Talks with banned outfit were successful: Sheikh Rasheed

Interior Minister Sheikh Rasheed Ahmad Sunday said that talks between the government and the banned outfit Tehreek-e-Labbaik Pakistan (TLP) after they threatened to march towards Islamabad have been successful.
A day earlier, the Opposition parties and the proscribed outfit had staged separate protests in multiple cities of the country, resulting in Islamabad, Lahore and Rawalpindi being partially shut down.
Talking to journalists, the interior minister said that all the roads, which had been closed earlier to stop the protesters from marching towards Islamabad, will be reopened for traffic gradually.
The TLP protesters will not move forward [to Islamabad] and will stay in Muridke till Tuesday, he added.
After reviewing their demands, the issue will be resolved peacefully by Tuesday, said the interior minister.
Minister for Religious Affairs Pir Noorul Haq Qadri, meanwhile, said that the issue will be resolved through mutual understanding. He maintained that the concerned authorities have been directed that there should be no clash between the police and the protesters.
A day earlier, Prime Minister Imran Khan had directed federal and provincial ministers to hold negotiations with TLP after they threatened to march towards Islamabad.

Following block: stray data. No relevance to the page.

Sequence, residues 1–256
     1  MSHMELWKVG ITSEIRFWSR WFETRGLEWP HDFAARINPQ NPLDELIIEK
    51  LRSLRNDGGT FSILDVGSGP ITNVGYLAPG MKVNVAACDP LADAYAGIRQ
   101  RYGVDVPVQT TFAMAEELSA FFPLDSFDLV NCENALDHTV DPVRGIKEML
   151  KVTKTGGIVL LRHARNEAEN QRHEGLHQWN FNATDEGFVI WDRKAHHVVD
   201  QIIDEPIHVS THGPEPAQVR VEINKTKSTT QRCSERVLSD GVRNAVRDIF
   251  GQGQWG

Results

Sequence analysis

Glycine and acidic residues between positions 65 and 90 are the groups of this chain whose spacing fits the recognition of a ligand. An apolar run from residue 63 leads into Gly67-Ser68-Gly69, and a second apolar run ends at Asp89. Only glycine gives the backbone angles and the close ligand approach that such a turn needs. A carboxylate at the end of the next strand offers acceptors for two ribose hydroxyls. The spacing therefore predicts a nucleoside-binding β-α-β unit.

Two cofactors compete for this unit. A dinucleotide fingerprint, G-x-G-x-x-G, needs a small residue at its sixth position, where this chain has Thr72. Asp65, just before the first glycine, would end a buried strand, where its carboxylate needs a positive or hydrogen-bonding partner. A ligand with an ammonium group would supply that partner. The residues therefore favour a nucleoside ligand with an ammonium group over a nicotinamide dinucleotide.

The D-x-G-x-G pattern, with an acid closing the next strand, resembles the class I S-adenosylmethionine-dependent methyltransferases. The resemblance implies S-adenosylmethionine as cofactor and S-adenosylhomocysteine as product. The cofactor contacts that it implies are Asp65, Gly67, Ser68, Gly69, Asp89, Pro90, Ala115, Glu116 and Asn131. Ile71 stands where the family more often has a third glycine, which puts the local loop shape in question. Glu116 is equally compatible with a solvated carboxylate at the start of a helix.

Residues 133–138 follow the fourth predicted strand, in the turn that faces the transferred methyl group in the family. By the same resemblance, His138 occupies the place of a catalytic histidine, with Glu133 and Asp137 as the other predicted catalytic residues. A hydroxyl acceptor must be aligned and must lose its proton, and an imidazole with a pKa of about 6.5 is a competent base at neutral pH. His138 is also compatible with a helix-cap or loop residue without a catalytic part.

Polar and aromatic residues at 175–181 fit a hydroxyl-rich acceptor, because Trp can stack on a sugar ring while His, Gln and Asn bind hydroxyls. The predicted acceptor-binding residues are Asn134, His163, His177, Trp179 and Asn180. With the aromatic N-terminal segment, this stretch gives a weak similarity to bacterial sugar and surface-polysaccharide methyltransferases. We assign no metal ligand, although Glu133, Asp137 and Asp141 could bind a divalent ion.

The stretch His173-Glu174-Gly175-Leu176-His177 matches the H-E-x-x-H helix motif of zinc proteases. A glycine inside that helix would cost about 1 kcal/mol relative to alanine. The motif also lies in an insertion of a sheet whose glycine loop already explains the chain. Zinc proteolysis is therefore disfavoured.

Prime Minister Imran Khan had held a telephonic conversation with Qadri to discuss the prevailing law and order situation.
On the directives of the prime minister, Qadri had arrived in Lahore from Karachi to hold negotiations with the banned outfit’s leadership.
The government’s negotiation team comprised Rahsieed, Qadri and Punjab Law Minister Muhammad Raja Basharat.
The PM had also directed the interior minister to return to the country from the UAE, where he had gone to watch India-Pakistan’s high-voltage T20 World Cup clash.
On Saturday, the government had dug up a trench on GT Road near Gujranwala in response to an announcement by TLP that they will set out on a long march towards Islamabad.
A deep and long pit was dug with the help of cranes while the roads were also blocked in advance by placing containers. Thus, all paths via road leading to and from Gujranwala were blocked.
Meanwhile, a procession by the banned outfit, the participants of which began marching from Lahore, had reached Sadoke.
The banned outfit had announced a “peaceful protest” on Friday after jummah prayers to demand the release of their leader Saad Rizvi.
Rizvi was taken into custody shortly after the federal government had declared the TLP a proscribed organisation under anti-terrorism laws and launched a broad crackdown against the party.
The action came after days of violent protests and traffic disruptions in the largest cities of Pakistan, which saw public and private property being damaged by gangs of hooligans bearing sticks and turning on law enforcement officials at will.
Speaking on the move, Prime Minister Imran Khan had explained that his government had taken action against the banned TLP because it “challenged the writ of the state and used street violence, attacking the public and law enforcers”.
Two policemen were martyred in Lahore Friday night after a couple of cars collided during a protest by the banned outfit. Clashes between police and members of the outlawed outfit also resulted in over 40 cops getting injured.

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